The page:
Child’s Voice Plays a Role in New Audiologist’s Training

Luck was on the side of our Audiology Center during the pandemic. Of course it wasn’t just luck that allowed the Center to re-open for services during the height of the pandemic in June 2020, but the careful planning, the expertise and professionalism of the Center’s staff played a big part in this important milestone. During the strange time that COVID-19 affected operations at Child’s Voice, Audiology staff was also lucky to have Audiology extern Heather Lemajeur – now Dr. Heather.

Four women in ugly holiday sweaters standing against a yellow wall
Dr. Heather Lemajeur, right, became like part of the Audiology Center staff during her externship.

When the Center was closed during COVID lockdown, babies continued to be born and those whose newborn hearing screening indicated a possible hearing loss lost a vital place to get tested, potentially delaying diagnosis and treatment that could help them learn to listen and speak. Re-opening the Center meant babies and families were able to begin their journey to remediation of the hearing loss more quickly. Dr. Heather, who was finishing her Au.D, was involved in conducting Auditory Brainstem Response (ABR) tests for these babies and she was up to the challenge of doing this important work during a scary time.

A Change in Plans

Lemajeur graduated in May 2021 from Rush University with a clinical doctorate in Audiology. However, when she started college at the University of Illinois at Urbana-Champaign, she did not know much about hearing loss, speech therapy, or audiology. She did know that she disliked her chosen major, political science, causing her to question her goal of going to law school. Luckily, her sorority raised money for speech and hearing causes and so she became curious about the field. She took classes in speech and hearing education and liked it, and was able to observe speech therapy and audiology sessions. Lemajeur also thought about being a teacher and was a full-time nanny. However after her observations in audiology and because she liked working with kids, she decided to pursue pediatric audiology.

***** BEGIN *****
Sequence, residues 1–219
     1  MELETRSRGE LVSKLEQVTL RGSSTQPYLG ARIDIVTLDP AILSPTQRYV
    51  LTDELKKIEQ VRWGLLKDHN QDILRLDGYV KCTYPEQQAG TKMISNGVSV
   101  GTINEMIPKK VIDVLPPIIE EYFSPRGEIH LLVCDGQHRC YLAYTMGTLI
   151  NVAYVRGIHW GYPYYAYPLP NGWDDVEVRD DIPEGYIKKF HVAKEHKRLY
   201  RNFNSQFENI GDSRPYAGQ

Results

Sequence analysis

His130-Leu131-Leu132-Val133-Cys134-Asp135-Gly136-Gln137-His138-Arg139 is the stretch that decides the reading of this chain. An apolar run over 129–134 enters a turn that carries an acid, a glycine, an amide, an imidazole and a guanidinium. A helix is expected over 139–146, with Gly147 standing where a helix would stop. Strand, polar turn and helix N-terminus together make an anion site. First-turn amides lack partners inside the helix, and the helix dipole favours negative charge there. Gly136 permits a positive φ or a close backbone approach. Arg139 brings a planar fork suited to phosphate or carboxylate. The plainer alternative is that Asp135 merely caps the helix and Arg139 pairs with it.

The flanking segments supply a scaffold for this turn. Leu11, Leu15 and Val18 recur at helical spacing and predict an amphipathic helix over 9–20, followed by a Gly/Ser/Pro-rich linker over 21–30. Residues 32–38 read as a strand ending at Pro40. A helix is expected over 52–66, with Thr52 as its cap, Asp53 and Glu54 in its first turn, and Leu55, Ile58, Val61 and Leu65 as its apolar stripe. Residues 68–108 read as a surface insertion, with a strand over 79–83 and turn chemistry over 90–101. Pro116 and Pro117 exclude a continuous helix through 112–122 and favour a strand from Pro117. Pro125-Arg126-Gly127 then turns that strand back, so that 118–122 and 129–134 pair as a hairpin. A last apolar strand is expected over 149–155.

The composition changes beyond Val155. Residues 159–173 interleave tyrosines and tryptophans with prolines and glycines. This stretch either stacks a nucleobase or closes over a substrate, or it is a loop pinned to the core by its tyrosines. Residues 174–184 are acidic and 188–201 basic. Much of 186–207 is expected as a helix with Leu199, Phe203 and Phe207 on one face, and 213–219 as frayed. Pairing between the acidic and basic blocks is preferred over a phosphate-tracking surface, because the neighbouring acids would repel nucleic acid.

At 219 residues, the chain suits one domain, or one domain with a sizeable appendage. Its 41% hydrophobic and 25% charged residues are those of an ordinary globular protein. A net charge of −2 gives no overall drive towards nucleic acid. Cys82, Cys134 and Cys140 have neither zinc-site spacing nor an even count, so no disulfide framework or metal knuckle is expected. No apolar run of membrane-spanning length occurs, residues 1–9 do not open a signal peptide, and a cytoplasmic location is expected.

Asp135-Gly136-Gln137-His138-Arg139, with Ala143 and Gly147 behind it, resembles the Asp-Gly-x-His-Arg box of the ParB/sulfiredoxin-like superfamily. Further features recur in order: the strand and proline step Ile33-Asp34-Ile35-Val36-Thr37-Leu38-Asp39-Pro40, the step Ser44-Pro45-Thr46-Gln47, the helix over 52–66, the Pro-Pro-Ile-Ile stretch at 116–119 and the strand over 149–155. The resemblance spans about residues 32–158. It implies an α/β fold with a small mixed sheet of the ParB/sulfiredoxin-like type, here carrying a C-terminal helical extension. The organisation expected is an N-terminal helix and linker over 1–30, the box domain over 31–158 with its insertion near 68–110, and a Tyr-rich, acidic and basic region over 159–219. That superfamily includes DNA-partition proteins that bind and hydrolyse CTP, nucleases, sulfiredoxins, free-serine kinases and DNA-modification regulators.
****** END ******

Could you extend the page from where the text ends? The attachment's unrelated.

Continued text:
During her time at Rush University Medical Center she was able to work with children and their families. She also gained experience at an Ear, Nose, and Throat (ENT) doctor’s office and at Advocate Children’s Hospital in Oak Lawn, where her patients were children who had cochlear implants. One of her classes at Rush was a class about Educational Audiology taught by Dr. Dawn Violetto, also the Director of Audiology at Child’s Voice, and so she heard about all the exciting opportunities available to an Audiology extern at Child’s Voice. She applied and was excited to learn she was accepted.

When The Abnormal is Normal

Her one-year externship at Child’s Voice was the last stop during four years of a clinical doctoral program. During this she learned how to work with all ages of children, all devices including cochlear implants, hearing aids, bone anchored devices and remote microphones. She also learned the importance of Educational Audiology for children with hearing loss and learned how to put into practice the skills she had learned. Most importantly she learned how to advocate for those children.

To add to the stress of getting clinical experience, Lemajeur started at Child’s Voice in June 2020, making the abnormal her normal. Dealing with the strict COVID guidelines for interaction was difficult when explaining an already complex process of hearing tests, results, and next steps to parents. Audiology staff could just see one parent in person, she said. However, staff were creative and set up video chat with both parents. A couple of months in to her externship, Lemajeur says she felt like a Child’s Voice employee. Dr. Heather remembers the school children: “They would point to their ear and give me a thumbs up,” she recalls. “It was great to see them grow.” She knew it could be scary at first for kids to be in the Audiology testing room, “but they soon learn that we’re fun!”

“I am grateful that I learned so much from Dr. Dawn and Dr. Paige,” she says, and feels very confident as she starts her career as an independent clinician.

Hello Dr. Heather

Although Lemajeur did not start college expecting to be an Audiologist, she is part of a family trend of servicing pediatrics. Her sister graduated from Rush last year and is now a Speech-Language Pathologist who works with pediatric patients also. In June, Lemajeur started a position as a clinical audiologist at Mercyhealth in McHenry, Illinois. Child’s Voice was lucky to have her here during the last school year, and maybe families experiencing hearing loss may luck into Dr. Lemajeur along their way.